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Dimensons & Volumes
Performance (manual gearbox)
Performance (automatic gearbox)
Virtual Adviser's™ opinion
Well, these are two pretty similar cars we have here! It's only details that could potentially make the difference. Considering they both belong to the city car segment and utilize the same 5-door hatchback body style and the front wheel drive system, it all comes up to the specific petrol engine choice they offer. The first one has a Daihatsu-engineered powertrain under the hood, a 3-cylinder, 12-valves 69hp unit, while the other one gets its power and torque from a 3-cylinder, 12-valves 90hp engine designed by General Motors.Safety
Both vehicles got tested by European New Car Assessment Programme (Euro NCAP), with the Toyota being a slightly better choice apparently. Still, apart from the official crash test results there are other things we need to be aware of. Both vehicles belong to the city car segment, which is generally not a very good thing safety-wise, but it doesn't do much to help us decide between the two. On the other hand, taking kerb weight as an important factor into account, the German car offers a considerable difference of 11% more metal.Reliability
I don't like generalizing things when it comes to reliability, although it does seem that Toyota does have a slight advantage, when all the models are taken into account. That's the official data, while our visitors describe reliability of Toyota with an average rating of 4.6, and models under the Opel badge with 4.2 out of 5. Independent research findings rank Yaris as average reliability-wise, and Corsa is more or less at the same level.Above it all, drivers of cars with the same engine as the Japanese car rank it on average as 4.5, while the one under the competitor's bonnet gets 3.0 out of 5.Performance & Fuel economy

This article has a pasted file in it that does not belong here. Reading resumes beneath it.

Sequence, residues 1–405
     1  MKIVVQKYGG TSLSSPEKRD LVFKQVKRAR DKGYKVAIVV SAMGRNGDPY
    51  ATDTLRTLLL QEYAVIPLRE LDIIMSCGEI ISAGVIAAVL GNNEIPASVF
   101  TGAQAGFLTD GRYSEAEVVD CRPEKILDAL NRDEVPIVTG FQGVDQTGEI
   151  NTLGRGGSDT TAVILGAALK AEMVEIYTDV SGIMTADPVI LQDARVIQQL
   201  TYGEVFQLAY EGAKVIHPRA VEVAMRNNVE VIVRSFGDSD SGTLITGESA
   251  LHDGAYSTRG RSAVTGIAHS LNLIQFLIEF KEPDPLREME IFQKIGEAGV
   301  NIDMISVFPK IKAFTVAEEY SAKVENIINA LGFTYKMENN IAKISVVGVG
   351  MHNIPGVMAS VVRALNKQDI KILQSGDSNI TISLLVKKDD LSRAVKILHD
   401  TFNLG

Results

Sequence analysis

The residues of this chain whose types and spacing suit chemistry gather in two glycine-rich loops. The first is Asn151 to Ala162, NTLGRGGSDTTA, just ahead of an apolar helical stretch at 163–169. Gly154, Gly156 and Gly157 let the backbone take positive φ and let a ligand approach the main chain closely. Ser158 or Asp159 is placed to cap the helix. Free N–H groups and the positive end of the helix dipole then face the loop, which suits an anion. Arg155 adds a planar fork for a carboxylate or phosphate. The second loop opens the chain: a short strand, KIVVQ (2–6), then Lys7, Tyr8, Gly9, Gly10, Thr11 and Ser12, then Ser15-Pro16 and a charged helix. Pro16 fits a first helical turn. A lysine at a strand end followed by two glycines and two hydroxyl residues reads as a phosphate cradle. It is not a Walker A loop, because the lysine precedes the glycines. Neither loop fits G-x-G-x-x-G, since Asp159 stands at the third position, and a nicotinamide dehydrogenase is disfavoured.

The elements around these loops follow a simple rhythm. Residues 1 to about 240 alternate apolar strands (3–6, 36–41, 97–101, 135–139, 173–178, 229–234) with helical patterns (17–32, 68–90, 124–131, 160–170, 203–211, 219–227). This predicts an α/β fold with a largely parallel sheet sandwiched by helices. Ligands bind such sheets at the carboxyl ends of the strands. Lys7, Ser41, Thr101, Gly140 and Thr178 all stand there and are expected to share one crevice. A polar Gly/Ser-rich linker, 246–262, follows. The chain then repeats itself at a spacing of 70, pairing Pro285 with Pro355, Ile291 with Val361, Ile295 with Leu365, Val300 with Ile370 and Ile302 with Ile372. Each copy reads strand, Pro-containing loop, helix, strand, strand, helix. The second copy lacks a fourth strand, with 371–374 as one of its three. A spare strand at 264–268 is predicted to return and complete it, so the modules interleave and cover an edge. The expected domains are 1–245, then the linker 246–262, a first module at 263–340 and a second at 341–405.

Opel is way more agile, reaching 100km/h in 3.4 seconds less than its competitor. In addition to that it accelerates all the way to 180 kilometers per hour, 25km/h more than the other car. When it comes to fuel economy things look pretty much the same for both cars, averaging around 4.2 liters of fuel per 100 kilometers (67 mpg), in combined cycle.
Toyota appears just a bit more reliable, although the difference is truly marginal. The most important thing when deciding between any two vehicles should always be safety, both passive and active. In this case though, it seems that both cars show similar levels of passenger protection all together, so that won't break a tie. But one thing that actually could is the performance, with Opel outracing its opponent in any situation possible, making it better choice for boy racers. It does come at a cost though, and that's the fuel consumption... At the end, as much as I'd like to give you a winner here, it's simply a pure tie if you ask me. Anyway, that's the most objective conclusion I could've came up with and it's based solely on the information found on this website. Aspects such as design, practicality, brand value and driving experience are there for you to measure them out. I suggest you spend two more minutes in order to find out which car, based on your needs and budget, would be picked by the virtual adviser™, among thousands of similar, yet so different vehicles.